St. Mary's Academy Historic District (Monroe, Michigan) facts for kids
Quick facts for kids
St. Mary's Academy Historic District
|610 W. Elm Ave., Monroe, Michigan
|69 acres (28 ha)
|D.A. Bohlen & Son
|Art Deco, Tudor Revival, Tudor Gothic
|City of Monroe MRA
|NRHP reference No.
|Added to NRHP
|June 12, 2019
In 1845, Sisters Theresa Renauld, Theresa Maxis and Ann Shaaf moved to Monroe to found the Sisters, Servants of the Immaculate Heart of Mary. In 1846, the opened St. Mary Academy as a boarding school for girls, then located at the corner of Monroe and Elm. At first, the school grew slowly, but the pace quickened in the 1870s, prompting the construction of a new building in 1881. By 1904, a second building was needed; this was constructed at the current site of St. Mary Catholic Central High School. This building was destroyed by fire in 1929. A third building, the present one, was constructed in 1932 on the site of the SSIHM Motherhouse.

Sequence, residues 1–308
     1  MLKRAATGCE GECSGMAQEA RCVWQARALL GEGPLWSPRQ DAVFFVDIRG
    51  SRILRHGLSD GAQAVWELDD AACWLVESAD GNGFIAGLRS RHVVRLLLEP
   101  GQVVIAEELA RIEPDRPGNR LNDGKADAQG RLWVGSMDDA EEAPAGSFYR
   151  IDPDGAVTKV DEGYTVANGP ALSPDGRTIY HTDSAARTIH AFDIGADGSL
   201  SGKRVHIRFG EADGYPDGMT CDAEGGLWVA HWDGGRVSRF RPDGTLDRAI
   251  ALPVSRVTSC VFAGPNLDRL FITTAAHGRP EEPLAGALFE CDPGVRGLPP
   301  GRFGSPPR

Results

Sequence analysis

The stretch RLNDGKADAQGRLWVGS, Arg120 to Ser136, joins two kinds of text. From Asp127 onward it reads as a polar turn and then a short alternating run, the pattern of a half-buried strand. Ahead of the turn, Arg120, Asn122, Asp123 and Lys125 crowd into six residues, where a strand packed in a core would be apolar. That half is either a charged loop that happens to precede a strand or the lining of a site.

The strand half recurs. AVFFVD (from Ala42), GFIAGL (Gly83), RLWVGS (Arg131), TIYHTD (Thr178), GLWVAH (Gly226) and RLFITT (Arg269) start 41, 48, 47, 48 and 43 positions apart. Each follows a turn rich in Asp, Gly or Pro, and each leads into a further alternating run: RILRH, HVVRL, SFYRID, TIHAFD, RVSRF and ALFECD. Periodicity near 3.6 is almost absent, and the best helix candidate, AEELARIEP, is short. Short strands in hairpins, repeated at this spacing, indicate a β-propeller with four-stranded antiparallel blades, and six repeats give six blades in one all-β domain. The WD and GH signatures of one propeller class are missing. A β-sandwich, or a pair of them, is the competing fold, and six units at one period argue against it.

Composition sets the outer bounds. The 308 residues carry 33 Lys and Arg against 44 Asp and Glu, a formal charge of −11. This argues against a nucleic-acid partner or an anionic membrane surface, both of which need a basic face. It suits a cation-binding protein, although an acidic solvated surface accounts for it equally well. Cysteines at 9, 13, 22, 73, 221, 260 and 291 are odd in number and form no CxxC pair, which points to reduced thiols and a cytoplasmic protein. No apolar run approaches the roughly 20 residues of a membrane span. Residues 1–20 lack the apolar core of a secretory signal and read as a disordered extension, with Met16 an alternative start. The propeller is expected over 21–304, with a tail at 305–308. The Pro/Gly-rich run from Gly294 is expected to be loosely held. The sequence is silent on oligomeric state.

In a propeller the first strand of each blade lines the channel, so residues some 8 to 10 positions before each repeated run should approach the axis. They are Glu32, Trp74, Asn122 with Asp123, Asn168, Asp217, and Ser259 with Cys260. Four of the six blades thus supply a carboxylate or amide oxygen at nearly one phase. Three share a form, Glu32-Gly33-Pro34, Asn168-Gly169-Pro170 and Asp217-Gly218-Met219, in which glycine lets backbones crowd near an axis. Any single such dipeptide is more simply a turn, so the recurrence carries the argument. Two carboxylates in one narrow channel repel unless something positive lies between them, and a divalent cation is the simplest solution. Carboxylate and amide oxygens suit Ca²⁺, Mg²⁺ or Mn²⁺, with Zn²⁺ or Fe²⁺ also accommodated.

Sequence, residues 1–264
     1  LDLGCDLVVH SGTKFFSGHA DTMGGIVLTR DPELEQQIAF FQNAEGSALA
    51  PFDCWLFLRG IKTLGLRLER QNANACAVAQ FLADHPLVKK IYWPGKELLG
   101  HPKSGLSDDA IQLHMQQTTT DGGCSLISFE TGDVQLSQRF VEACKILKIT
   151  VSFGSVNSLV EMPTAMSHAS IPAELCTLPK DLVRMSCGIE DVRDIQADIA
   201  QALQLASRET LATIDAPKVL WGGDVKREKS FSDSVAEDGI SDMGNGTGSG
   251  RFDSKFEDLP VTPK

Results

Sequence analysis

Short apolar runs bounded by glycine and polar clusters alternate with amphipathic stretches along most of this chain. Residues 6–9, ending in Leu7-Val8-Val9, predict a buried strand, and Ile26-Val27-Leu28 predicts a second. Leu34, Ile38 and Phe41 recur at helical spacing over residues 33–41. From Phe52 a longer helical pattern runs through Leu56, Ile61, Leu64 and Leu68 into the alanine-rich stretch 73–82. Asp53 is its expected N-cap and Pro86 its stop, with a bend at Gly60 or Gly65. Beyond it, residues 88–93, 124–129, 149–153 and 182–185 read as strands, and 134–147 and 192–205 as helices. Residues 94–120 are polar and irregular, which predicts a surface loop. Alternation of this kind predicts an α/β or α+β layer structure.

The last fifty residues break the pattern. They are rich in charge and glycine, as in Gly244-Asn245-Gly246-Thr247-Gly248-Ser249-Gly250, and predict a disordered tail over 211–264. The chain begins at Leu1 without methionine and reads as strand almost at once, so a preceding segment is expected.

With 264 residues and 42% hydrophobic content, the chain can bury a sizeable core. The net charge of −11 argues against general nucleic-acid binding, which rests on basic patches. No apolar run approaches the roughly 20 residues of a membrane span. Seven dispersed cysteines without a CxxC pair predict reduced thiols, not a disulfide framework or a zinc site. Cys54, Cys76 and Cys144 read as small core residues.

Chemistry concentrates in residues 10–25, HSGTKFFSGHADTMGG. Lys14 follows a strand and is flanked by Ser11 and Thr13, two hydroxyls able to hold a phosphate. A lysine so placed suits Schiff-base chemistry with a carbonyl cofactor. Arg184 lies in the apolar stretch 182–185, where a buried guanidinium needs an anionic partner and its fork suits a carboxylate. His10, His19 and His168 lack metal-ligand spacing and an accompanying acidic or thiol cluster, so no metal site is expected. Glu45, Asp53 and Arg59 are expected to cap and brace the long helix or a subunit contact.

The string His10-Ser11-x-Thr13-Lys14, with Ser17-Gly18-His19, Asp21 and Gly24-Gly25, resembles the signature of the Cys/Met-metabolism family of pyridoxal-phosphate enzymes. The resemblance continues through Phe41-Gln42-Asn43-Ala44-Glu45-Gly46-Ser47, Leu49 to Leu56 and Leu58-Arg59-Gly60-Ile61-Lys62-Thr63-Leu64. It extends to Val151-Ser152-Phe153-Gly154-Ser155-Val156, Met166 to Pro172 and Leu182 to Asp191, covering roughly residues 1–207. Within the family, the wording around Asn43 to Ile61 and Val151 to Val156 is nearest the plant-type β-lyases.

In 1945, an all-boys school, Monroe Catholic Central, was established at the previous site of the St. Mary Academy. By the 1970s, however, both St. Mary Academy and Monroe Catholic Central were faced with declining enrollment. In 1986, the two schools merged, moving into the Monroe Catholic Central facility to form St. Mary Catholic Central High School. The former St. Mary Academy building was vacated.
The St. Mary Academy building was designed by the Indianapolis architectural firm of D.A. Bohlen & Son. The building is Gothic in style, made of soft-tone variegated brick with stone trim. It consists of a central tower with five-story wings radiating outward.
St. Mary's Academy Historic District (Monroe, Michigan) Facts for Kids. Kiddle Encyclopedia.